The United States Olympic Committee (USOC) has revealed that Boston, Los Angeles, San Francisco and Washington D.C. are the four cities that have been shortlisted as candidates for a potential 2024 Olympic and Paralympic Games bid.
The announcement today comes following a Quarterly Board meeting of the USOC on Tuesday (June 10) where the decision was made to cut Dallas and San Diego from the shortlist of six potential hosts.
USOC chairman Larry Probst said on Tuesday that an announcement would not be made until the Board's decision had been communicated to each of the bidding cities.
Following today's announcement that Boston, Los Angeles, San Francisco and Washington D.C. have been chosen to go ahead in the next step of the process, International Olympic Committee (IOC) member Probst said: "We would like to express our gratitude to the cities of Dallas and San Diego, which will not be moving forward in the bid process.
"Dallas had a great bid and matching leadership, along with a well-established sporting community.
"We have no doubt about the ability of Dallas to host the Olympic and Paralympic Games, and look forward to working with them in the future to enhance the international awareness of the city.
"Also, we very much appreciate the high-quality proposal from San Diego, a city that truly embraces sport and has a long history of supporting Team USA.
"Both of these world-class cities are committed to working with the USOC to enhance the Olympic Movement in the United States."
Last month New York and Philadelphia pulled out of mounting any potential bid for the 2024 Summer Games, which would be the first to held in the United States since Atlanta in 1996.
Of the four cities still being considered, Los Angeles is the only one with previous experience of hosting the Games, in 1932 and 1984.
New York City launched an unsuccessful bid for the 2012 Olympics and Paralympics, eventually awarded to London, while a bid launched by Chicago for the next edition in 2016 also failed as Rio de Janeiro won the contest.
No US city bid for the 2020 Games which went to Tokyo following the IOC Session in Buenos Aires last year.
The USOC will spend the next six to eight months examining the credentials of each of the four cities before deciding whether to press ahead with any of the four candidates and launch a full-blown bid.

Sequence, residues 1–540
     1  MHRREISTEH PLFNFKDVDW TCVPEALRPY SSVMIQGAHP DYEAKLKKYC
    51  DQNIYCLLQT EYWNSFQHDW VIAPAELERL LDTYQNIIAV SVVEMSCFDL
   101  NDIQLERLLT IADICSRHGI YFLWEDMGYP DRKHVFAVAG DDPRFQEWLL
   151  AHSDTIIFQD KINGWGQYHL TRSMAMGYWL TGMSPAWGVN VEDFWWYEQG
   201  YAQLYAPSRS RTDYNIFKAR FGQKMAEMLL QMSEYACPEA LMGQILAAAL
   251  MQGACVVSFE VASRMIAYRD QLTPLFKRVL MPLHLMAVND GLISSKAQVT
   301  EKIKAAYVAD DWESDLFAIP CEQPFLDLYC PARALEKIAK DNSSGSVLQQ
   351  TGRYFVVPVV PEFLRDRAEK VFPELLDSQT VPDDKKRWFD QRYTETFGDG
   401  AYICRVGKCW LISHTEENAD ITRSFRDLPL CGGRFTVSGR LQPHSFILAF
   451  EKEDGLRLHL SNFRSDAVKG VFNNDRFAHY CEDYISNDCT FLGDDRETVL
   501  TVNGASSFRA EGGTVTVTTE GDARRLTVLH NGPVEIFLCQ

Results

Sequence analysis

Any bid from the United States will likely be up against bids from the likes of Rome, Paris and Istanbul who are all mooted to be considering entering the race.
"We're extremely pleased with the level of interest US cities have shown in hosting the Games," said USOC chief executive, Scott Blackmun.
"Boston, LA, San Francisco and Washington have each given us reason to believe they can deliver a compelling and successful bid, and we look forward to continuing to explore the possibilities as we consider 2024."
"It's going to be making sure that the cities have the land and the buildings and the wherewithal and the consensus to do what they said they can do," added Blackmun.
"It's a lot of land planning, it's a lot of discussion around the host city contract, around the terms of our joint venture with each city."
The USOC is trying to streamline the system for choosing a candidate with cities having previously spent up to $10 million (£6 million/€7 million) to win the right to bid.
A potential bid from the United States could depend on any changes to the bidding procedure that may occur as part of IOC President Thomas Bach's Agenda 2020 reform process.
Probst, who is also a member of the Association of National Olympic Committees Executive Council and the Pan American Sports Organisation Executive Committee, has admitted that he wants to see changes to the Olympic Games bidding process before deciding to formally launch a bid for the 2024 Games.
However, it is generally believed that a US bid is extremely likely and that has been reinforced by the recent signing of a huge broadcast deal between the IOC and NBCUniversal worth a reported $7.65 billion (£4.51 billion/€5.49 billion) covering the period from 2021 to 2032.
The IOC is set to name the host city for the 2024 Olympic and Paralympic Games in 2017.
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